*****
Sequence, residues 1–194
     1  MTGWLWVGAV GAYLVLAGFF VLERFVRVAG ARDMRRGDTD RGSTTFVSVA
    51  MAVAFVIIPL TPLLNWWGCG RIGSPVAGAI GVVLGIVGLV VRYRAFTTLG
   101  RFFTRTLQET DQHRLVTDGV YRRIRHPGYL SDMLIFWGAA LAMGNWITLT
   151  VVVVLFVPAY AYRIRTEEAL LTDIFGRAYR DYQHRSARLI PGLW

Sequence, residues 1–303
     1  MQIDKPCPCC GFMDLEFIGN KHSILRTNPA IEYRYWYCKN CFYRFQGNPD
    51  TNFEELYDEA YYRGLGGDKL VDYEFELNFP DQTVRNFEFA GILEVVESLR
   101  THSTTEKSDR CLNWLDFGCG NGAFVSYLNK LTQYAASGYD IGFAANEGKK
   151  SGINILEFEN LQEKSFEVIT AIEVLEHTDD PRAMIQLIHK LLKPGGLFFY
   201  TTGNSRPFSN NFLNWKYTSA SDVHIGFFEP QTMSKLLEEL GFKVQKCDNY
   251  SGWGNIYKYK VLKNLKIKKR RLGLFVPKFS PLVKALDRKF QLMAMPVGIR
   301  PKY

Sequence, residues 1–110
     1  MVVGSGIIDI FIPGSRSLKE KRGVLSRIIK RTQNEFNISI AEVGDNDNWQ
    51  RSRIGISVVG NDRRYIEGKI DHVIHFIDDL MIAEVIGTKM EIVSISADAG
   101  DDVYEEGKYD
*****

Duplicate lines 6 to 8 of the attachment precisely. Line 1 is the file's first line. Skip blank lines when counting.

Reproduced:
Sequence, residues 1–303
     1  MQIDKPCPCC GFMDLEFIGN KHSILRTNPA IEYRYWYCKN CFYRFQGNPD
    51  TNFEELYDEA YYRGLGGDKL VDYEFELNFP DQTVRNFEFA GILEVVESLR